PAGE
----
And finally, the Greens, who were by far the biggest losers in this election. The Greens confuse people because no one knows what they stand for, aside from the obvious. But again, climate change is an issue that requires policy; it’s not a keystone to a political narrative. In countries where the Green party has gained power, they stood for something other than mere environmentalism. In Germany, whose Green party is perhaps the most successful in the world, the Greens were the political manifestation of 1970s counterculture. They were young hippies committed to gender equality who sat around knitting during parliamentary sessions. Yes, they were pro-environment, anti-nuclear, pro-feminist and anti-racist. But above all, they represented a new vision of Germany, a clear rejection of their past and a vision for the future. The Canadian Greens have none of the vision and almost no remaining integrity. If they had been truly committed to combating climate change they should have supported the Liberals (who had the best-rated environmental policy of any party, and a much larger support base). Instead, they ran ads telling people to “fuck strategic voting” and vote Green, even though it would contribute to a Conservative victory. If there could be greater evidence that they are solely interested in their own power, I can’t think of it.

This lack of vision is the reason that Canadian voter turnout dropped to an all-time low of 58%, while in America it soared. How can people care about politics when all they see are policy packages and irrelevant attacks? How could anyone expect these fragmented messages to inspire people? Canada’s federal parties would do well to learn from Barack Obama’s victory. People are not apathetic towards today’s politics, they are repulsed by it. They are averse to negativity. What they want is to hear that their leaders have a story to tell, as well as a policy to enact. And, they want to be included in that story in a positive manner.
I long for the day that I can see a Canadian politician stand tall and proud before the nation, gracious and intelligent, resolute in their moment of triumph. To know that even though we live in a country divided by language and region, we have a common ground on which we are all welcome. I want someone to be unafraid of Canada as a nation, not just a federation of provinces. I want them to be unafraid of our history of division and reconciliation, of French and English, of Internment and Quiet Revolution and Repatriation. I want them to be unafraid to care about Canada in a time where we speak of our country with rolling eyes and cynicism. The Canadian people have responded to Obama’s election. They are ready to have the same pride in their own government. All that remains is for our leaders to rise to that challenge, to believe that we can be more than votes to win. I am ready for the day that I watch a prime minister-elect address the nation, and know that I am watching history unfold.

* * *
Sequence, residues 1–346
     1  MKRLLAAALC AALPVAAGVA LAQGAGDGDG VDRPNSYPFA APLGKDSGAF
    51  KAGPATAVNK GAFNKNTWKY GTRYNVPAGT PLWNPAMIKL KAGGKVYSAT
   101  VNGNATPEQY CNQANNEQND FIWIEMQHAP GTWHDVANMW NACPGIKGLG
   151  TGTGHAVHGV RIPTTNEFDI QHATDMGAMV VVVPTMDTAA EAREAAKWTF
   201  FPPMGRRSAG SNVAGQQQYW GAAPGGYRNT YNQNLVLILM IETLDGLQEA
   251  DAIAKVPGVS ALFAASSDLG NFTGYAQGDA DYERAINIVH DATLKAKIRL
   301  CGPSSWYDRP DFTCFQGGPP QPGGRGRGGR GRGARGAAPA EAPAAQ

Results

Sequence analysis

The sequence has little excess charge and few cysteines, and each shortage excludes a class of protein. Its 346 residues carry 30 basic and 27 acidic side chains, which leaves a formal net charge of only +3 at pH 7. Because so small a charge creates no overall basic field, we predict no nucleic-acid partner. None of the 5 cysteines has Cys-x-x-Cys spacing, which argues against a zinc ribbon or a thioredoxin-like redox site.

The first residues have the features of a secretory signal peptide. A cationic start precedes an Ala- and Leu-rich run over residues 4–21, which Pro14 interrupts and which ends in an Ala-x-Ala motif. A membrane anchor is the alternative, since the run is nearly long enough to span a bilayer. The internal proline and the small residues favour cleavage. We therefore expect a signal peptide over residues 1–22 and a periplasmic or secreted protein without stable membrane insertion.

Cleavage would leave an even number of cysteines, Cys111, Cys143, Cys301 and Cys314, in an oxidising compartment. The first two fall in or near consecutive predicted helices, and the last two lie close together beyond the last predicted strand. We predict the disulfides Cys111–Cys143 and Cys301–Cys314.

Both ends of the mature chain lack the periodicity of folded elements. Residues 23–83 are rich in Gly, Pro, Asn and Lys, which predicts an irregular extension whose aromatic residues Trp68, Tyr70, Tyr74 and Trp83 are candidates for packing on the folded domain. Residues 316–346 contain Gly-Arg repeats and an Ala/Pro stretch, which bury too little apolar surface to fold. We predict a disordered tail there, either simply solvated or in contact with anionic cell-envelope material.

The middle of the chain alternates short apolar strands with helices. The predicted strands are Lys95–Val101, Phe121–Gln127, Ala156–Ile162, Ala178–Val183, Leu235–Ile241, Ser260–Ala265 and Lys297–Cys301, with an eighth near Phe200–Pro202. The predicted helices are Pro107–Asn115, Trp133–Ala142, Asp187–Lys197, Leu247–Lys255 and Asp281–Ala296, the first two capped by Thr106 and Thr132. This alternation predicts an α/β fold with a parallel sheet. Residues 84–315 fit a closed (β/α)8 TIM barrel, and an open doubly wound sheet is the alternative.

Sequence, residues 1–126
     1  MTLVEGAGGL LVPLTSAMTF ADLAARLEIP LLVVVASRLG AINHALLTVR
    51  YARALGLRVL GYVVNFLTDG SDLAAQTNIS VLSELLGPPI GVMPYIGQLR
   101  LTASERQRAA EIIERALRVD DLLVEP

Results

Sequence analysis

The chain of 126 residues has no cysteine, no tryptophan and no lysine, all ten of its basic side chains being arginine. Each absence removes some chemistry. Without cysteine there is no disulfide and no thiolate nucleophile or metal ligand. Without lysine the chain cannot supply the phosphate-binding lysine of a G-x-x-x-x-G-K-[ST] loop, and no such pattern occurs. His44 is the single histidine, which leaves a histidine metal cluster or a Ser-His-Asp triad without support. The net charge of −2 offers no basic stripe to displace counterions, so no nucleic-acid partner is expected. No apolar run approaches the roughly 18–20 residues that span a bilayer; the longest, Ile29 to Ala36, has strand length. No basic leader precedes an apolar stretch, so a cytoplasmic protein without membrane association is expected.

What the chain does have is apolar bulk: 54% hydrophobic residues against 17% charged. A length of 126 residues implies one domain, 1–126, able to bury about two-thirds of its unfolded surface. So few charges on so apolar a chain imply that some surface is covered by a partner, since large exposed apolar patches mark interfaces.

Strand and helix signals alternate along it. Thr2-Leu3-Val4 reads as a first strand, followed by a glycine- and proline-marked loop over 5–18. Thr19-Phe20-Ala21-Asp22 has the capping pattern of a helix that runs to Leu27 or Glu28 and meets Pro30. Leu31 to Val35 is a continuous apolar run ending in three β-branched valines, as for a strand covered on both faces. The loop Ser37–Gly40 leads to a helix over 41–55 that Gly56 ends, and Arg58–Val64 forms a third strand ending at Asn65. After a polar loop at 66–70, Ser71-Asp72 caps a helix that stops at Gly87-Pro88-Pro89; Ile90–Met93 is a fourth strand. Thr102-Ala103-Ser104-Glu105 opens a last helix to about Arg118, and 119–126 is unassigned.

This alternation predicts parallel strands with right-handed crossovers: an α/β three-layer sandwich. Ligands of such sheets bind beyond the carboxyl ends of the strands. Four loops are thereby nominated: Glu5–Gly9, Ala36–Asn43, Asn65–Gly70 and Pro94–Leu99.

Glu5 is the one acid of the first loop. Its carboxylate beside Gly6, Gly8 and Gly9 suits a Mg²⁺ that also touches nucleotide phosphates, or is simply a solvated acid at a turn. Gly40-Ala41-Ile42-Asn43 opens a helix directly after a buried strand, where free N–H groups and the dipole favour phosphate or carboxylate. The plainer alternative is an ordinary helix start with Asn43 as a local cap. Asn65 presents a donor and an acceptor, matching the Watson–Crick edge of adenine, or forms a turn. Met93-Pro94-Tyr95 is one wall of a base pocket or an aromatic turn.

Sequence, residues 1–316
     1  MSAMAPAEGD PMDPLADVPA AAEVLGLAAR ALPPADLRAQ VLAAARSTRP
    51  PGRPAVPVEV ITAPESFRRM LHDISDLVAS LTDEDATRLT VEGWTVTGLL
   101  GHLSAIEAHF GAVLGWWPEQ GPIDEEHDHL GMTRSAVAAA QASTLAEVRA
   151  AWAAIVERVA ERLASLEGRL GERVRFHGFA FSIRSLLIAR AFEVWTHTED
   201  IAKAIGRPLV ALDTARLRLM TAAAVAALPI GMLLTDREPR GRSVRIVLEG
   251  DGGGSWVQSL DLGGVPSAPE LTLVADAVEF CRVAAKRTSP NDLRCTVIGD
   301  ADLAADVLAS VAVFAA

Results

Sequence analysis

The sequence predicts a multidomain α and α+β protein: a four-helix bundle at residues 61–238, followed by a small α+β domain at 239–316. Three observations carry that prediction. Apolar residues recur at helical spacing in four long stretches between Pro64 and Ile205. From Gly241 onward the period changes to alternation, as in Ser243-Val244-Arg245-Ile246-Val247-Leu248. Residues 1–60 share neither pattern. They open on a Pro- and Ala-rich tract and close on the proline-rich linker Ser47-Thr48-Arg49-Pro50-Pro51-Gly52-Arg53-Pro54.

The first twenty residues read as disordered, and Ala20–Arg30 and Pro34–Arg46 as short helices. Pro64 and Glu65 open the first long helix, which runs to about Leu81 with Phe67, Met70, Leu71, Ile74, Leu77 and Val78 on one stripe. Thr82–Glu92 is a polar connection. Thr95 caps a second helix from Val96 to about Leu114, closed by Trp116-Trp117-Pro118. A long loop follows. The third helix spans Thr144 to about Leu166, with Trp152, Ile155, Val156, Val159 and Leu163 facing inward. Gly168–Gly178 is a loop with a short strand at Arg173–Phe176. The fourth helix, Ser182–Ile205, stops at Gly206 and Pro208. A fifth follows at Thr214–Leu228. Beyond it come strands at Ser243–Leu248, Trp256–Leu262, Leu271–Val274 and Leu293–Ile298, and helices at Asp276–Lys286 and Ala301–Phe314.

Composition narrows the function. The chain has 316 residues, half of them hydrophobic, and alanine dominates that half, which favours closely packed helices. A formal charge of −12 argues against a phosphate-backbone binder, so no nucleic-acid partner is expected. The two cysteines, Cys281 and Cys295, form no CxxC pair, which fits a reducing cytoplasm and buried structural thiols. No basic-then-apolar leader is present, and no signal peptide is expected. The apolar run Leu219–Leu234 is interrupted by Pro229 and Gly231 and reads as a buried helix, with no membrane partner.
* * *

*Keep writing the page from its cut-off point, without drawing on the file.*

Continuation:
I agree, I can't believe the feeling of my amazement that we have a black president hasn't rubbed off yet. I'm glad that he made it on his merit, but proud that he wasn't discriminated because of his colour. Not only for White-Americans and African-Americans but for visible minorities everywhere who have had experienced racism this is quite a symbolic feat. It still feels good saying we have a "strong black president," not one that we don't think deserved it or isn't competent, but a young black president that represents a lot of strong values.



I agree with your article for the most part, but there were a couple of issues that I have to...well, take issue with.